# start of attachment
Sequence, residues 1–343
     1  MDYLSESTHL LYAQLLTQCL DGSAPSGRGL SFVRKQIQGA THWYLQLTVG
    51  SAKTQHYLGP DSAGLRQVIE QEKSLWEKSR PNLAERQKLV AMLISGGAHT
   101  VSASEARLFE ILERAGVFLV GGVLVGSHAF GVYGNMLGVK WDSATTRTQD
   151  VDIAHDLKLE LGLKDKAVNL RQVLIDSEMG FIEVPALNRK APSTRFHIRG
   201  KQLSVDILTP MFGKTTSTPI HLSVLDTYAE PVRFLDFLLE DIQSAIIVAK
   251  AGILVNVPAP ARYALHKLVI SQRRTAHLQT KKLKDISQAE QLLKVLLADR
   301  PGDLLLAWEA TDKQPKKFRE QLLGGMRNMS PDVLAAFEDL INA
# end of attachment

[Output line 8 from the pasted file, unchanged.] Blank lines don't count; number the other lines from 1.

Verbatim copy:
   301  PGDLLLAWEA TDKQPKKFRE QLLGGMRNMS PDVLAAFEDL INA